Rescue Robot League

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Technische Universität Damstadt's robot identifies a victim using a probabilistic world model, based on information from heterogeneous sensors [1]
A map generated by Darmstadt Rescue Robot Team

The RoboCup Rescue Robot League is an international competition for urban search and rescue robots, in which robots compete to find victims in a simulated earthquake environment. The rescue robot league is run alongside Robocup Rescue Simulation, as part of the RoboCup robot competition.

Robots perform 20 minute search and rescue missions in a test arena measuring approximately 10m by 6m, which features a number of obstacle zones designed to challenge autonomous operation, mobility during tele-operation, and object manipulation. Points are allocated based on the number of victims found, the detail with which victims were detected, and the quality with which the arena has been mapped.[2]

History[edit]

Inspired by the Kobe earthquake, the first RoboCup Rescue competition was held at RoboCup 2001. The aim of the competition is to encourage the transfer of academic research into the disaster-rescue domain, and to encourage research in a socially significant real-world domain.[3]

Format[edit]

Qualification[edit]

RoboCup Rescue competitions happen such as the Iran Open, German Open, and Japan Open and some countries run individual competition for Rescue Robot such as in Thailand where 100 and more team participate for qualify round open to all entrants without qualification. Successful teams at these competitions can qualify to attend the RoboCup world championships, which is held in a different location every year.

Tournament[edit]

At tournaments, a number of preliminary rounds are run in which every team attending performs a 20-minute mission; the highest scoring teams then take part in a final round to determine an overall winner. In larger competitions a semi-final round may also be run.

Test Arena[edit]

Test arena from 2008 RoboCup Rescue German open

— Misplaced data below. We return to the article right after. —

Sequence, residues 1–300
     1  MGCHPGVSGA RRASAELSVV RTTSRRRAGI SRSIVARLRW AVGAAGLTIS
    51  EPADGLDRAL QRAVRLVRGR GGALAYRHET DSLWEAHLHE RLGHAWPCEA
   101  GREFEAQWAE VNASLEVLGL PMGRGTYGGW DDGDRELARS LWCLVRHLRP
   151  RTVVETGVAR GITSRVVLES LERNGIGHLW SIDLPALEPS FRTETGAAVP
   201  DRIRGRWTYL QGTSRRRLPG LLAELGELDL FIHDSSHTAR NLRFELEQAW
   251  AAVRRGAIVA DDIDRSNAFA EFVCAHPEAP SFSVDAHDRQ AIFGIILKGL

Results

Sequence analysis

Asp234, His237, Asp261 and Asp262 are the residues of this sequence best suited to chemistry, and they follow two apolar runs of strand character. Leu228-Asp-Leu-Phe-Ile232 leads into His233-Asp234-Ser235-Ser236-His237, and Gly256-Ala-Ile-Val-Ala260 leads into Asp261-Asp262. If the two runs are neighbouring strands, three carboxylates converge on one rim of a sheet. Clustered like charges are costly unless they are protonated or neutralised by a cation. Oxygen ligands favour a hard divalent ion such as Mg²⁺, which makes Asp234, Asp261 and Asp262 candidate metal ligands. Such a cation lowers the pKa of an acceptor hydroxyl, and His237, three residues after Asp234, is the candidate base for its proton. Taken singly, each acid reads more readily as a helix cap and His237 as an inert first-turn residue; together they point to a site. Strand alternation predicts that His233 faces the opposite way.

A robot from the University of Warwick traverses full-cubic step fields in the RoboCup Rescue arena at the 2009 RoboCup German Open

Test arenas vary between competitions, though they are composed of obstacles designed to allow for repeatable results. The obstacles are arranged in color-coded areas, including a yellow area in which robots must operate autonomously; a red area containing stairs and a 45° ramp; an orange area containing intermediate-difficulty obstacles; a pick-and-place area; and a radio drop-out area.

Simulated victims are distributed throughout the arena, with points allocated for locating victims and providing clear information on them to the operator. Points are also allocated for robots which construct an accurate map of the arena with victims marked on it.

References[edit]

  1. ^ Johannes Meyer, Paul Schnitzspan, Stefan Kohlbrecher, Karen Petersen, Oliver Schwahn, Mykhaylo Andriluka, Uwe Klingauf, Stefan Roth, Bernt Schiele and Oskar von Stryk (25 June 2010), "A Semantic World Model for Urban Search and Rescue Based on Heterogeneous Sensors" (PDF), RoboCup Symposium, Singapore  Missing or empty |title= (help)
  2. ^ Tandy, Michael J.; Winkvist, Stefan; Young, Ken W. (20–21 January 2010), "Competing in the RoboCup Rescue Robot League", Proc. Robotics for Risky Interventions and Surveillance of the Environment (RISE) 2010, Sheffield, England, ISBN 978-1-84387-318-1  Missing or empty |title= (help)
  3. ^ Kitano, Hiroaki; Tadokoro, Satoshi (2001), "RoboCup Rescue: A Grand Challenge for Multiagent and Intelligent Systems", AI Magazine, 22  Missing or empty |title= (help)

External links[edit]